What do you recommend?
Is brute forcing through "normal content" the only way?
Even then I'd expect somethings to be easier to get into than others

>> No.17853632


>> No.17853637

So take this.

>> No.17853652
File: 24 KB, 864x356, 上京.png [View same] [iqdb] [saucenao] [google]

Anyone know why 東京 is written as 上京 here? Is it some sort of pun implying tokyo is better than kyoto or som other capital/major city or something? I'm confused

>> No.17853654

Get a vocab and grammar base going, all those anons screaming "read more" to people who barely know a few hundred words are stupid. This doesn't mean you should just grind vocab until you feel ready (you will never be ready, the first thing you read will always be hard), but not knowing any words will make reading really tedious even with instant lookups.
After that, yeah, you'll just have to dive in.

What I did was replay JRPGs I've already played in english before.
The first game still was hell (probably because I picked Trails in the Sky), but things were a lot easier after that.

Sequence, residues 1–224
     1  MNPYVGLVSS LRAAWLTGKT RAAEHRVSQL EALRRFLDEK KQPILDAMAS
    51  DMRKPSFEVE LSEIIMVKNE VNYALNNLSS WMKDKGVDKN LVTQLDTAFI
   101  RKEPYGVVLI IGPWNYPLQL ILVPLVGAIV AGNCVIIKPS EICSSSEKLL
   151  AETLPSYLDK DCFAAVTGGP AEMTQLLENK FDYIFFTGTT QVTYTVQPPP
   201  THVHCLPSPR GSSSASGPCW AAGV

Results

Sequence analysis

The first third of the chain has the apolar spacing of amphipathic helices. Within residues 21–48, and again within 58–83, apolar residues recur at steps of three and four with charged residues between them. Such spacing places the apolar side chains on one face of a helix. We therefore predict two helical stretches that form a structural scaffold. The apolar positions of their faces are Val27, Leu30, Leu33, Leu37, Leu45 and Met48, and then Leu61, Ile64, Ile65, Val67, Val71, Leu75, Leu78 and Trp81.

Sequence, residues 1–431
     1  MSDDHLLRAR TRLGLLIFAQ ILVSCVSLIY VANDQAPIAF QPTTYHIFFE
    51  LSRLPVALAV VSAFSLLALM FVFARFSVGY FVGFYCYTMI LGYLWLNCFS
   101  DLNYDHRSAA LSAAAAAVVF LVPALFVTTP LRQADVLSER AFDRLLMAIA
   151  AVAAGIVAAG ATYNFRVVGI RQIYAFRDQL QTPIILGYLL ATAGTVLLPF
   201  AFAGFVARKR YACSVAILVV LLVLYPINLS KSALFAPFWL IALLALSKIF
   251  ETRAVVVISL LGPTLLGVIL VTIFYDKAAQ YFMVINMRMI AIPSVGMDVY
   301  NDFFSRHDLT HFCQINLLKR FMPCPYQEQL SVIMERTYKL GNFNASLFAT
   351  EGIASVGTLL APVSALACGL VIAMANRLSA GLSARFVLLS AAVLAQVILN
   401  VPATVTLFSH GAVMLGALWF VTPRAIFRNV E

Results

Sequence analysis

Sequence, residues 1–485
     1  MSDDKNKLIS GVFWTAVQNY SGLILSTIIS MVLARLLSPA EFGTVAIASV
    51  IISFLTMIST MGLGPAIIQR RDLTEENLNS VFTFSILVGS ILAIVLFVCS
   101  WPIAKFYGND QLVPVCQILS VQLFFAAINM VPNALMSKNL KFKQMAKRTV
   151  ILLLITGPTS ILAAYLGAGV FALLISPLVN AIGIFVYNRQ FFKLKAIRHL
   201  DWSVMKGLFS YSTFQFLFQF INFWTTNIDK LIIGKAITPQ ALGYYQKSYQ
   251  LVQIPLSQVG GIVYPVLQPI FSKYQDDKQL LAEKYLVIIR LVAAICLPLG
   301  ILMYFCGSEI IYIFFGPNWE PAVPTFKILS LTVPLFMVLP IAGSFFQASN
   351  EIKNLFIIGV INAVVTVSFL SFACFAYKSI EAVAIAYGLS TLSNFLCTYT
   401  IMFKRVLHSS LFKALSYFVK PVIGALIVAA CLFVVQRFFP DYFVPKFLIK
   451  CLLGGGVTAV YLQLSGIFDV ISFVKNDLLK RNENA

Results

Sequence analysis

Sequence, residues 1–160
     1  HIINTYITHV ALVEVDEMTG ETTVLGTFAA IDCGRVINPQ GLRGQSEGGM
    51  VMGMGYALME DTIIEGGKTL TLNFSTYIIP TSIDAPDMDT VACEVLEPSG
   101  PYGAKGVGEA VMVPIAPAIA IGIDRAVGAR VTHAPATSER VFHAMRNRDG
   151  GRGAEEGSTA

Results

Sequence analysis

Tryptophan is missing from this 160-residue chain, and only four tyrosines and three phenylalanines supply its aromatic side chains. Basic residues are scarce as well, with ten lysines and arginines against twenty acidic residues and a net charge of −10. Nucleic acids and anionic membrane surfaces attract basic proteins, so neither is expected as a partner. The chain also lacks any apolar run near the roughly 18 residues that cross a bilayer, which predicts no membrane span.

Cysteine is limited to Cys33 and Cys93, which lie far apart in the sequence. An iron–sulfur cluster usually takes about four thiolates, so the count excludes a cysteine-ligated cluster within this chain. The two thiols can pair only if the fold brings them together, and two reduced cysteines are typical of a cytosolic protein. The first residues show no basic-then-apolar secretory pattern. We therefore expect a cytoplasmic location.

When I later started reading VNs/LNs, the same thing happened: The first few were hard (because I wasn't used to narrative/descriptive text since games are mostly dialogue and game menus), but it went smoothly after that initial hump.

>> No.17853667

上京 doesn't mean Tokyo, it means "going to the capital"
And yes, the capital is "better" than regular cities, because it's the capital.

>> No.17853669

Just. Read.

It will get to you

>> No.17853671

上京 and 東京 are not the same thing.

>> No.17853680
File: 1.43 MB, 1024x768, Rance01_2017-11-04_19-17-32.png [View same] [iqdb] [saucenao] [google]

Proof that kanji are evil.

>> No.17853726


>> No.17853744

Koreans are still required to learn hanzi in school.

>> No.17853770

I'm more interested in how many. I've been given the impression it's like 100-200 these days.

>> No.17853848

No unique cultures to draw creative inspiration from? No thanks.

>> No.17853922

It is "ぶっころしてやる" right?
I'll fuck you up or beat you up

and another one
"don't screw with me" something like buzakenshiteyaro!
I don't really know how it's said, so could you anons please tell me? another example for it would be "don't mess with me" etc don't mess around

>> No.17853928

>It is "ぶっころしてやる" right?
And the other one is ふざけんな

>> No.17853941

Thank you man, I don't know why, but when I googled it or used google translated it translated into random words so I didn't know what was said correctly

>> No.17853974
File: 10 KB, 97x130, Speech bubble.png [View same] [iqdb] [saucenao] [google]

Could someone please help me decipher what is scribbled on the right of this speech bubble? It looks like どう考スさも but it doesn't make any sense. Thank you.

>> No.17853977


>> No.17853986